16 December 2011

Virgin Galactic's George Whitesides on Space, Dreaming + Sustainability on Earth

Last week at Le Web, I got to hear Virgin Galactic CEO George Whitesides talk about the commercialisation of space travel. Here's an interview I did with him, followed by video of his talk.

Among other things, we discuss where the program is now, its potential for facilitating sustainable development on Earth, and product partnership opportunities. Dig in!

YouTube for Schools, Stanford Online: Liberated Education

In high school, the books fell apart in my hands. Most of our instructional videos were probably made in the '70s -- with the possible exception of the drivers ed program, which profits from frequent updates of the unintentionally hilarious "Red Asphalt" series.

Anywho, YouTube is launching YouTube for Schools, an education program that'll avail access to safe video content for schools. Content providers include Stanford, PBS and TED.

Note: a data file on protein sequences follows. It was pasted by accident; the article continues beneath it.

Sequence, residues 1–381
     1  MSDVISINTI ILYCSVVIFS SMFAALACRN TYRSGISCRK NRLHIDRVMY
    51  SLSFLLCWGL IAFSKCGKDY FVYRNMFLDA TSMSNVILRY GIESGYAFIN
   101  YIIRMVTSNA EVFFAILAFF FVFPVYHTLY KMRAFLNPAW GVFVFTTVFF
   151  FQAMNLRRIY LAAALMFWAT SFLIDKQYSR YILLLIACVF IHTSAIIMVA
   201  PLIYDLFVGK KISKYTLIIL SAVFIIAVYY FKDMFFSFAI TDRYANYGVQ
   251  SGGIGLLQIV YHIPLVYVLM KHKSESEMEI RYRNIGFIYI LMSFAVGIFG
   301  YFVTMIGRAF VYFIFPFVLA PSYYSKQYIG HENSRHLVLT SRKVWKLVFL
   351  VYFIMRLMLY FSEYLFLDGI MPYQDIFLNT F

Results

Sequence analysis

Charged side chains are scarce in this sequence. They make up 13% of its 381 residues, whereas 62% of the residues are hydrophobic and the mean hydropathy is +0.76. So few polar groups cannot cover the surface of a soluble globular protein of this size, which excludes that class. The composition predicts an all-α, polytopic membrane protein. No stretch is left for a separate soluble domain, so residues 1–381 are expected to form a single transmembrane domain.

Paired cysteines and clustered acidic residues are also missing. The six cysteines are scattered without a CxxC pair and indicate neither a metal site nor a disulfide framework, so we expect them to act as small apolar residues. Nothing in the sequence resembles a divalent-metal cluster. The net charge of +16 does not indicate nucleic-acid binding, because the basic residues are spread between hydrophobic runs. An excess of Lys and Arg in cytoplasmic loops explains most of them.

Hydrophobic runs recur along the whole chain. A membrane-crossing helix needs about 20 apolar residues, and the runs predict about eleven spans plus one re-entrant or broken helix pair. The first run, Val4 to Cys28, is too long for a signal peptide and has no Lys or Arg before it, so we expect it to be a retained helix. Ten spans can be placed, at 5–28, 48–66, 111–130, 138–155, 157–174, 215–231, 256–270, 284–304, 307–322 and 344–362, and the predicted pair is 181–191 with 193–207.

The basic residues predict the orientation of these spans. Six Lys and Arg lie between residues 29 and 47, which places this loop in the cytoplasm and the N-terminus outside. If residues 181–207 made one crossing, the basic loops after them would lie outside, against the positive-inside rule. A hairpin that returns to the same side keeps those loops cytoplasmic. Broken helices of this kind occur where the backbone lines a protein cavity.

Given the dearth of funding in our public school system, programs like this can be hugely beneficial for teachers hard-up for content.

Another great liberated education experiment is Stanford's online course program, which enables you to follow some of their best courses online. It's free, requires that you do the homework, and enables you to ask professors questions on Google Hangouts. If you pass the class, you get a badge à la Foursquare. I've registered for three starting next year.

None of these efforts are going to change the state of our education system overnight, but they're positive, enterprising steps in the right direction. As for easier access to updated books -- that's in the bag, the 'net and tablets are making quick work of that problem.

08 December 2011

Karl Lagerfeld, Le Web + Fashion as the Ultimate User Experience

Photo: TechCrunch EU

Karl Lagerfeld opened Le Web yesterday morning, in part to announce the launch of a new online fashion brand, Karl, which he's producing in partnership with founder Natalie Massenet of Net-A-Porter. It goes live in January.